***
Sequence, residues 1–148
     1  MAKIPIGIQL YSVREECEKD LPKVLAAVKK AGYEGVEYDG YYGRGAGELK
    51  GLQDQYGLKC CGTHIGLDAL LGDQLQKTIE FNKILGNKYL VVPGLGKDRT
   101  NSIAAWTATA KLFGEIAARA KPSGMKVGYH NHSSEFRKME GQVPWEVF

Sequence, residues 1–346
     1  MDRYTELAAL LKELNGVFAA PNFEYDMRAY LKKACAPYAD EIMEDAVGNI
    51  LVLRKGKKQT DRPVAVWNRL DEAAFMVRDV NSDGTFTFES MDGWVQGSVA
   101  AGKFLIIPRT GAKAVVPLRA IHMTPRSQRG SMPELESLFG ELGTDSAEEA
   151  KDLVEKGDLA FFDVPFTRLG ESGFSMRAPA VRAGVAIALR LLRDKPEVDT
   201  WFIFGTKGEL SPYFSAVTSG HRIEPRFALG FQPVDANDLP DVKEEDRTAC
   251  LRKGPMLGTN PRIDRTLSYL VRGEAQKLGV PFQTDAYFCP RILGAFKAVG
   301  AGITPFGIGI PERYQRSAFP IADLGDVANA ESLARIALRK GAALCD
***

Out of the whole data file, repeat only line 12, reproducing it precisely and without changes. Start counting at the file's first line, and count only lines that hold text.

   301  AGITPFGIGI PERYQRSAFP IADLGDVANA ESLARIALRK GAALCD